The Principle of Charity, in Interpersonal Relationships

So yeah, I guess I studied philosophy or something. And I guess I was good at it? (3.9 GPA, departmental honors, Phi Beta Kappa Society, summa cum laude, etc etc).

But now that I am out of the academic world, I don’t think that’s anything that could be guessed by looking at me, a slight and quiet black girl fond of miniskirts and cat-eared hats. Girls normally study feminism if they study thought, and black people take cultural studies, isn’t that the stereotype?

And black intellectuals are rare enough that no one expects intellect of me. Although I relate to the absent-minded professor archetype and consider academia if only to complete the expectation, I feel that few people see me as intelligent. They see absentmindedness + blackness and think = stupid or they see absentmindedness + female and think = ditz. I know because they they start to overexplain, talking slowly, and I need to resist the need to roll my eyes until they break free of their optic nerves.

Such is the power of stereotypes.

Within philosophy, there’s a rule created to prevent this kind of lazy thinking. It’s called the Principle of Charity.

To quote Wikipedia:

In philosophy and rhetoric, the principle of charity requires interpreting a speaker's statements to be rational and, in the case of any argument, considering its best, strongest possible interpretation. In its narrowest sense, the goal of this methodological principle is to avoid attributing irrationality, logical fallacies or falsehoods to the others' statements, when a coherent, rational interpretation of the statements is available.

In order to be charitable towards someone’s views, you assume that they are logical and truthful--and intelligent, I would add. In order to address a person charitably, you address the strongest form of their argument even when arguing against it. So no straw man arguments, no twisting people’s words, no playing dirty.

The people I like, the people who get me, the people I actually spend time with were first charitable with me. And eventually, they move from charitability to normal understanding, because taking my thought in its strongest form is the likeliest way to understand what I mean to say.

But for most people, I could say anything at all and I would be taken as an idiot’s utterance. Even if I stumbled across some of the greatest insights in the history of thought, I imagine it would play out like this:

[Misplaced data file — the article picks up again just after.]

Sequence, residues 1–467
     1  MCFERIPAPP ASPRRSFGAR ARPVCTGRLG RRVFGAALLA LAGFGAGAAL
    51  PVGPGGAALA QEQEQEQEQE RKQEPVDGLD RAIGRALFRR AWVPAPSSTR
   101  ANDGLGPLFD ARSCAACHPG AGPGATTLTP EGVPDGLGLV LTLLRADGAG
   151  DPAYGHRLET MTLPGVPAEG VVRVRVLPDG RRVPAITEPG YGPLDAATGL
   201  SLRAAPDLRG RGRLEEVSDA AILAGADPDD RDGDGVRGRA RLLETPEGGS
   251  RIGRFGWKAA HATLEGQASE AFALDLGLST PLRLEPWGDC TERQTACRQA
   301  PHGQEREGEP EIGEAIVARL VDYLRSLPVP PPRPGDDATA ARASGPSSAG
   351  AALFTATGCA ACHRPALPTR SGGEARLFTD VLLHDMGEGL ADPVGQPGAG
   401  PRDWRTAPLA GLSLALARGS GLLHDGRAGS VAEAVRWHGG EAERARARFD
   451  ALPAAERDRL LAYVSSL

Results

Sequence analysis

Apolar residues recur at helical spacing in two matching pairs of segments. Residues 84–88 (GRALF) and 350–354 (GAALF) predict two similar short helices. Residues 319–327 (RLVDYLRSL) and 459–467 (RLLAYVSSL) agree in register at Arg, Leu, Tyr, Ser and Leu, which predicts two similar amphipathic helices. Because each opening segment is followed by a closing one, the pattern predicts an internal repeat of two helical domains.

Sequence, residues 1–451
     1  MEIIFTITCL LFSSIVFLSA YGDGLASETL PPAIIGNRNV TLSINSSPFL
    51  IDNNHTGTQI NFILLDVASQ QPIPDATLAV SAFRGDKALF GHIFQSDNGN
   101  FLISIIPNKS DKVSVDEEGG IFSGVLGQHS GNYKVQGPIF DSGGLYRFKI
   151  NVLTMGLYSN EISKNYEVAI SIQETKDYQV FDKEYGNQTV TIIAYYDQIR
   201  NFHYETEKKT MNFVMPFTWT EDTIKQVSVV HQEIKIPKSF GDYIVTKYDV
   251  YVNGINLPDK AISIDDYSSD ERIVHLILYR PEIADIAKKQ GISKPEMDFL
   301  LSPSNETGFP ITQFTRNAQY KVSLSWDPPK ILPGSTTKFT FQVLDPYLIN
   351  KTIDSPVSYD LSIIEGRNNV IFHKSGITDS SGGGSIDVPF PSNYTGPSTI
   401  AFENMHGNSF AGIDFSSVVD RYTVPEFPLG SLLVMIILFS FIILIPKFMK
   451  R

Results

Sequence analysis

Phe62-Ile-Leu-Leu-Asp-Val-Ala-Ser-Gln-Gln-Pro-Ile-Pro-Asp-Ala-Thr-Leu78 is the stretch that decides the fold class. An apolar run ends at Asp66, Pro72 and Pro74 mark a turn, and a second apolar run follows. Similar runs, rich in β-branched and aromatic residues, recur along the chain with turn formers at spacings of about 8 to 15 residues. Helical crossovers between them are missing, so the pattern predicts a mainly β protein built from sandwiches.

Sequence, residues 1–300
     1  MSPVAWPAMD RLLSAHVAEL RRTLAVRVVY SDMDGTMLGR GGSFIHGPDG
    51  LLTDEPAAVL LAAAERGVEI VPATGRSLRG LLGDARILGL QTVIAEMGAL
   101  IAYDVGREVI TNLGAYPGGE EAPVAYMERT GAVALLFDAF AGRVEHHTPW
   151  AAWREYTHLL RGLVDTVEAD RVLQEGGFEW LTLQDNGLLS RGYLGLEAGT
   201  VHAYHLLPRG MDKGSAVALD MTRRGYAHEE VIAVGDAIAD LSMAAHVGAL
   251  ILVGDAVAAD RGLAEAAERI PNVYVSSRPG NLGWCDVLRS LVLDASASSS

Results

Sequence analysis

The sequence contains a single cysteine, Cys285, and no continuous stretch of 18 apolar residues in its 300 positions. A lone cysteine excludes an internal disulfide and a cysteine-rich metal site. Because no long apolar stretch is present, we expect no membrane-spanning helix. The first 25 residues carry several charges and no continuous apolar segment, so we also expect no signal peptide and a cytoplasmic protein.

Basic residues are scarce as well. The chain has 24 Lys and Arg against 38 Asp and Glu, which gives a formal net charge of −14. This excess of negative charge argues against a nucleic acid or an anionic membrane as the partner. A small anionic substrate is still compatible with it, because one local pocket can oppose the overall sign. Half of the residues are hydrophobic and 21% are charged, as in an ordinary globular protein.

Me: “One cannot step twice in the same river twice.”

Lazy Thinker: “Yes, you can, honey. Want me to show you?”


Heraclitus: “One cannot step twice in the same river twice.”

Lazy Thinker: “That sounds very zen. What does it mean?”



Me: “The only thing I know is that I know nothing.”

Lazy Thinker: “Don’t say that about yourself. Nobody knows nothing. Believe in yourself!”


Socrates: “The only thing I know is that I know nothing.”

Lazy Thinker: “So humble! Such an inspiration.”



Me: “God is dead! And we have killed him.”

Lazy Thinker: “What are you talking about? God can’t be killed. If you read the Bible, it says that...”


Nietzsche: “God is dead! And we have killed him.”

Lazy Thinker: “Wow, that’s super deep and edgy! Do explain.”




Me: “Man is condemned to be free.”

Lazy Thinker: “Uh, no. That’s a contradiction. What’s wrong with you?”


Sartre: “Man is condemned to be free.”

Lazy Thinker: “What, really? How?”




Me: “The medium is the message.”

Lazy Thinker: “No, it isn’t. Allow me to explain to you the ways in which you are wrong...”


McLuhan: “The medium is the message.”

Lazy Thinker: “It sounds like you know what you are talking about, so let me assume your competency and give you space to elucidate.”

I should more accurately title the “Lazy Thinker” as the Racist/Sexist thinker, because in case I haven’t hammered the point home, the laziness is stronger when the thoughts come from the mouth of someone in a place of power who perceives me unworthy of respect. Charitable interpretations require a certain level of faith in humans that even most philosophers don’t have towards women or people of color (see Nietzsche, Hegel, or Schopenhauer on sex or race).

So yeah, I guess I studied philosophy or something.

I was always the only black girl in class, often the only black or woman. I’m still thinking over what I got out of it, but I feel like I know enough about rationality and the history of thought that know that the history of thought is full of irrationality.

I feel a bit like an outsider to many conversations on intersectional feminism, because my entry point is capital-P Philosophy. But my identity requires me to investigate those issues, using tools not always designed for me. (In my heart of hearts, I believe that no true Utilitarian was ever racist, and they are my favorites school of thought, so.)

I would say something about how the master’s tools cannot dismantle the master’s house, but I don’t know enough context for that quote to use it correctly.